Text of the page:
So in the spring of 2014, the Harmony Economic Development Authority (EDA) launched a home construction rebate program that offers a cash rebate of as much as $12,000 to those who build a new home. Giesen says that there are several existing lots with full city services for sale in the $10,000 to $15,000 range. No new homes have been built yet, but the Authority says it is working with a few applicants. In addition to Harmony Enterprises (a maker of recycling equipment), bridge-building contractor Minnowa Construction is headquartered in Harmony. The town’s large Amish population and Niagara Cave attract tourists.


Incentives: Down-payment assistance, loans for home renovation, and free in-state college tuition

New Haven has been undergoing a revitalization, tackling its high crime rate and breathing life back into vacant buildings and abandoned neighborhoods. But the city is still plagued by a homeownership rate of just 31%—about half the national and state averages. To lure home buyers, New Haven is offering as much as $80,000 in incentivesthrough three programs.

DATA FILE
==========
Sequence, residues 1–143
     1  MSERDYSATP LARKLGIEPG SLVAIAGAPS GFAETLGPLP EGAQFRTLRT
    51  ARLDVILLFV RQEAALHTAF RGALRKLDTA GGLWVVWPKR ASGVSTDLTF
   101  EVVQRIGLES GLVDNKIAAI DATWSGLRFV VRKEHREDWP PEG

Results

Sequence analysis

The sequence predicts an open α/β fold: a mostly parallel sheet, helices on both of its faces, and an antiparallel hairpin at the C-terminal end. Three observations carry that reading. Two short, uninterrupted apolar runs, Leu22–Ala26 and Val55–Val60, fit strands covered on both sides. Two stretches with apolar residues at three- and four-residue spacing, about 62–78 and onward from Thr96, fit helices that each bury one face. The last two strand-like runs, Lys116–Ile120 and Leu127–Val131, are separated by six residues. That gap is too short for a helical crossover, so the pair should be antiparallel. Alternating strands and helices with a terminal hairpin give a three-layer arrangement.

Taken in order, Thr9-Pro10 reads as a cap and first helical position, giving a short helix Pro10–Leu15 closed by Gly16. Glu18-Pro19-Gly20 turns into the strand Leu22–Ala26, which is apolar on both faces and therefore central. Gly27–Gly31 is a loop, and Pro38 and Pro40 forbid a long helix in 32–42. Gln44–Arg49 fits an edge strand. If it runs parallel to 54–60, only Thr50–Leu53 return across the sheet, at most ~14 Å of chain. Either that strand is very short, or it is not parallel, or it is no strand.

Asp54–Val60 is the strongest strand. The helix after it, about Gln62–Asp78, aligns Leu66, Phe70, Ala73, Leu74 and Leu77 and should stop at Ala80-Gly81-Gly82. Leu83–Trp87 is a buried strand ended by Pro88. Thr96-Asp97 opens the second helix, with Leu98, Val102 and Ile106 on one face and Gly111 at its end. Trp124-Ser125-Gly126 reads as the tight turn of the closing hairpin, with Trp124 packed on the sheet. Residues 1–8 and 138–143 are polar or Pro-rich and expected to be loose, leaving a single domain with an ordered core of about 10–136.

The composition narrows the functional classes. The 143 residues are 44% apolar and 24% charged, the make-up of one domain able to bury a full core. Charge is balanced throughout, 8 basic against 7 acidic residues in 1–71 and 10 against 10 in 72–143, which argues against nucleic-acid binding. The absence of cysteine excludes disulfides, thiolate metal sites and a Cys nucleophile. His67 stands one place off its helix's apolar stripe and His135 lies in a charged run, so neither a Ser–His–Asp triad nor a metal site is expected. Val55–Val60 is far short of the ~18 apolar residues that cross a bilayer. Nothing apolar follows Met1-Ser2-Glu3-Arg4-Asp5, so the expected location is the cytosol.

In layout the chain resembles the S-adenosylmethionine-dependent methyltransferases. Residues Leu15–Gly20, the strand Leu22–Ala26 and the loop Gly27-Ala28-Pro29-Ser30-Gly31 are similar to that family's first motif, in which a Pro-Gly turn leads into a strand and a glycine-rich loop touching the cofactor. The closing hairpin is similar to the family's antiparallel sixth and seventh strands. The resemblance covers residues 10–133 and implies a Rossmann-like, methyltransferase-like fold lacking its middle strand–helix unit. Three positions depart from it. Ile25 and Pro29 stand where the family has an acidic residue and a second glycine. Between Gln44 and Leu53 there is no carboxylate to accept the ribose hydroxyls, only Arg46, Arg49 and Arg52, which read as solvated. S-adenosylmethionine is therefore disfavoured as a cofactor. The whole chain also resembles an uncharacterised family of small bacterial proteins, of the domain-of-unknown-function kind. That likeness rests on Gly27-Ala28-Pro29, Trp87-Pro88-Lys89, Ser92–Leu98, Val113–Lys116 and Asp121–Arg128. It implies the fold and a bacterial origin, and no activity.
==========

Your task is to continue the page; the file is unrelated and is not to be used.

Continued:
First-time homebuyers who meet income and other requirements can receive a loan of up to $10,000 for a down payment or closing costs. City employees, teachers, police officers, firefighters and military members can get an additional $2,500. The loan is forgiven after five years as long as the homeowner doesn’t sell the house. Homeowners can also receive a forgivable loan of up to $30,000 for energy-saving home upgrades, such as the installation of a new roof, siding, insulation, furnace or electrical wiring. They don’t have to pay it back if they stay in their home for 10 years. And New Haven sweetens the pot even more with the guarantee of free tuition to any Connecticut college for students who graduate from the city’s public schools in good academic standing.